Any new Saxifrages in Prague? Of course, this traditional Czech exhibition the
first week of April 2009 was full of surprise and hot news!

France and Italy are renowned for their exquisite cuisine often based on very exclusive raw material. For saxifrage enthusiasts the Inuit kitchen must be a revelation, using the finest of raw material. If you are tempted to try any of these dishes you have to prepare yourselves to invite a big bunch of guests because
some of the ingredients come in very large units.
In 2007 the National Research Council of Canada published their “Flora Of TheCanadian Arctic Archipelago” in a CD-ROM version. In their descriptions of the species they have also included traditions indigenous people have in their use of
local flora. We find saxifrages have been used as drink, food, remedy, or have filled other purposes.

During the last couple of decades, the small, arctic-alpine Saxifraga rivularis L. (Fig. 1, 3) has been studied using molecular markers in order to learn more about its origin, genetic variation and distinctiveness. The results have indicated where it may have had its refugia during the last glaciation, and how it has reached its current distribution. Many researchers have been involved, and several international papers have been published. Here, I summarize some of what we now know about this rather anonymous, but quite remarkable little herb.

Although relatively close to the well known mountains of Greece and the Balkans, Romania has a flora that is little known outside its borders. This fact is obvious from the small number of references in literature to Romanian species and botanically rich areas. The Carpathian Mountains form a sort of fortress with Transylvania in the middle. This is not just the homeland of Dracula but also the home of 23 species of Saxifraga plus one natural hybrid. On the walls of this fortress saxifrages lead a thriving existence. If you visit this country, any of the peaks rising over 2000 m should host a good selection of the native species.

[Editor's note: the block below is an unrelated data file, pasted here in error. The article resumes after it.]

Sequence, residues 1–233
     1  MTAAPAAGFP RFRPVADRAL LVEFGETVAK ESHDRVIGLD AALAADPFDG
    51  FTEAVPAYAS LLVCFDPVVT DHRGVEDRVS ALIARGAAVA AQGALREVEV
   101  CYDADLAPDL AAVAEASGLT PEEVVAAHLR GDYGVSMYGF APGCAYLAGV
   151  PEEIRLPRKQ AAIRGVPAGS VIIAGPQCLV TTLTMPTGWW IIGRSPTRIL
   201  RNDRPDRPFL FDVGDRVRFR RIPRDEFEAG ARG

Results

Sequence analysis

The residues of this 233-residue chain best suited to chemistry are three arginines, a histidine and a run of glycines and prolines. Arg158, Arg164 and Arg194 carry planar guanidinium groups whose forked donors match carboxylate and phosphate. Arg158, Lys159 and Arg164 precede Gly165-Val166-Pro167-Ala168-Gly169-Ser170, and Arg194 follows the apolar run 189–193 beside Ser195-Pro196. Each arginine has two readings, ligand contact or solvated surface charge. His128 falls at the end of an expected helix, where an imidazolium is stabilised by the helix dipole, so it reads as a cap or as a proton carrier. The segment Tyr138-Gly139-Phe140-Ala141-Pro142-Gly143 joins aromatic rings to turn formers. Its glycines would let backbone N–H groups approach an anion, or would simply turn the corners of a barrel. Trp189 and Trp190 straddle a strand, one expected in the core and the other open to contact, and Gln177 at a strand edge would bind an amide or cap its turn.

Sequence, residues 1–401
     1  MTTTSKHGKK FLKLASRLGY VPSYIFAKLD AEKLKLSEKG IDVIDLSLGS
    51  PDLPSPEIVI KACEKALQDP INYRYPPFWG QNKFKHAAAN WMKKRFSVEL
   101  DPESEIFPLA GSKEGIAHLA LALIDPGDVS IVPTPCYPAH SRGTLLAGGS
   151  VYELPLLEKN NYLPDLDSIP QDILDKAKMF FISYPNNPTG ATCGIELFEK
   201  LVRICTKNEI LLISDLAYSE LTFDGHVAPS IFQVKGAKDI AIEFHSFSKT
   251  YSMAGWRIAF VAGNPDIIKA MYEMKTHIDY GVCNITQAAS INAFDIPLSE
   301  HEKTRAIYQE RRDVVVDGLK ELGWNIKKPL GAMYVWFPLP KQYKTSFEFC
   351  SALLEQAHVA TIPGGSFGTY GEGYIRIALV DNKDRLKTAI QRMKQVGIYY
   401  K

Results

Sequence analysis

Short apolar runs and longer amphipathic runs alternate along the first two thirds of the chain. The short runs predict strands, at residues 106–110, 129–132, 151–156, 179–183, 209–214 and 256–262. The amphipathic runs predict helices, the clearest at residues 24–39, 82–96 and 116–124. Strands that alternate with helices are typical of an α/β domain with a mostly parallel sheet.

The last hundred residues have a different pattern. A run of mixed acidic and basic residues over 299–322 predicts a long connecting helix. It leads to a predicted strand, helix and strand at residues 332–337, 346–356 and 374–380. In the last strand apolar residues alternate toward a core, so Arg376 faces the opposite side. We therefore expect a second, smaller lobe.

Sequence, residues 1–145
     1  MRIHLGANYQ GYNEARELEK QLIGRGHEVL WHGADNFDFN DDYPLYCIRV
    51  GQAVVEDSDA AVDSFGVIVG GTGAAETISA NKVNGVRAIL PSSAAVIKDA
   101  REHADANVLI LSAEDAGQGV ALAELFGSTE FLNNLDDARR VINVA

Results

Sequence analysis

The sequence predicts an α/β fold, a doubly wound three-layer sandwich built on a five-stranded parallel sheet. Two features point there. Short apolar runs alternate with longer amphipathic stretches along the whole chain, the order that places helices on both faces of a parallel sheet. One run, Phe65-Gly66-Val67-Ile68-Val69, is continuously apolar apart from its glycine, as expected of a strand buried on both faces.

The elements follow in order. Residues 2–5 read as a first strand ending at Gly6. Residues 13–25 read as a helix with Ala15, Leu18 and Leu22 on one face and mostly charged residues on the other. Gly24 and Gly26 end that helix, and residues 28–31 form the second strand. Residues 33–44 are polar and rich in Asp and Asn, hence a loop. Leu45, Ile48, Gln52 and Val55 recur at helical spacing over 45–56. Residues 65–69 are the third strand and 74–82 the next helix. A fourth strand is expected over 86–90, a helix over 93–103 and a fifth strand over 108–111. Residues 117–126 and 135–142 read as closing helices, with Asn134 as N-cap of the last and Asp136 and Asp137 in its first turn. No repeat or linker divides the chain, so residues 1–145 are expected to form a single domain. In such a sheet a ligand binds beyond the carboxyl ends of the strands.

Tromsø Geophysical and Climatic facts.

Located at almost 70 degrees North, corresponding to a latitude similar to the North Shore of Alaska, Tromsø's location might invite thoughts of an extreme arctic climate. However, a branch of the Gulf Stream provides the coastal areas of Norway, including North Norway, with a moderating influence, giving rise to a climate which in Tromsø, with its proximity to the outer coastline, results in relatively mild winters (average January temperature being minus 4.4 degrees Centigrade) and relatively cool summers (average July temperature being plus 11.8 degrees Centigrade). Precipitation is moderate with a January average of 95 millimetres and a July average of 77 millimetres. However, there is great variation from year to year: the driest July during the last 30 years saw only 2 millimetres of rain, while the wettest had 175 millimetres. In this era of speculation about climatic changes, it might be of interest to note that the only meteorological parameter which has significantly changed over the last 30 years in Tromsø is accumulated depth of snow, showing that there have been fewer days of winter temperatures above freezing. This culminated in the winter of 1997 with a record 240cm of snow on the ground on May 1st. This, I hasten to add, is exceptional.